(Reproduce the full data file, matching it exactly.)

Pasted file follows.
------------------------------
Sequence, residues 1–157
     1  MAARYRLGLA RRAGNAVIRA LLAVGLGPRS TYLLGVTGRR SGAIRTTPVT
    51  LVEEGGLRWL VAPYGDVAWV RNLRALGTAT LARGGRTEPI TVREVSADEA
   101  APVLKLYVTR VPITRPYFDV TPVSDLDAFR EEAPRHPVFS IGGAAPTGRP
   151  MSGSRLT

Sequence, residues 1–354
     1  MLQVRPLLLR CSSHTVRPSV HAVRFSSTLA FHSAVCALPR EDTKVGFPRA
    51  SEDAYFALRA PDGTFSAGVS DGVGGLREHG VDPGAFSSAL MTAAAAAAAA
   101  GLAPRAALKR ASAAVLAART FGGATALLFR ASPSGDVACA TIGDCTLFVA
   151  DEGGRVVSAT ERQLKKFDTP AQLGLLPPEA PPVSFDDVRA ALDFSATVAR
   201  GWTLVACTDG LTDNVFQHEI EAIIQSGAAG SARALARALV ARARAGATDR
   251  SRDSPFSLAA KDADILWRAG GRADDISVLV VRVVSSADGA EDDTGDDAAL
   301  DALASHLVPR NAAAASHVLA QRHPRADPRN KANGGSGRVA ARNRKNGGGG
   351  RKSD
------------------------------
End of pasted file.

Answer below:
Sequence, residues 1–157
     1  MAARYRLGLA RRAGNAVIRA LLAVGLGPRS TYLLGVTGRR SGAIRTTPVT
    51  LVEEGGLRWL VAPYGDVAWV RNLRALGTAT LARGGRTEPI TVREVSADEA
   101  APVLKLYVTR VPITRPYFDV TPVSDLDAFR EEAPRHPVFS IGGAAPTGRP
   151  MSGSRLT

Sequence, residues 1–354
     1  MLQVRPLLLR CSSHTVRPSV HAVRFSSTLA FHSAVCALPR EDTKVGFPRA
    51  SEDAYFALRA PDGTFSAGVS DGVGGLREHG VDPGAFSSAL MTAAAAAAAA
   101  GLAPRAALKR ASAAVLAART FGGATALLFR ASPSGDVACA TIGDCTLFVA
   151  DEGGRVVSAT ERQLKKFDTP AQLGLLPPEA PPVSFDDVRA ALDFSATVAR
   201  GWTLVACTDG LTDNVFQHEI EAIIQSGAAG SARALARALV ARARAGATDR
   251  SRDSPFSLAA KDADILWRAG GRADDISVLV VRVVSSADGA EDDTGDDAAL
   301  DALASHLVPR NAAAASHVLA QRHPRADPRN KANGGSGRVA ARNRKNGGGG
   351  RKSD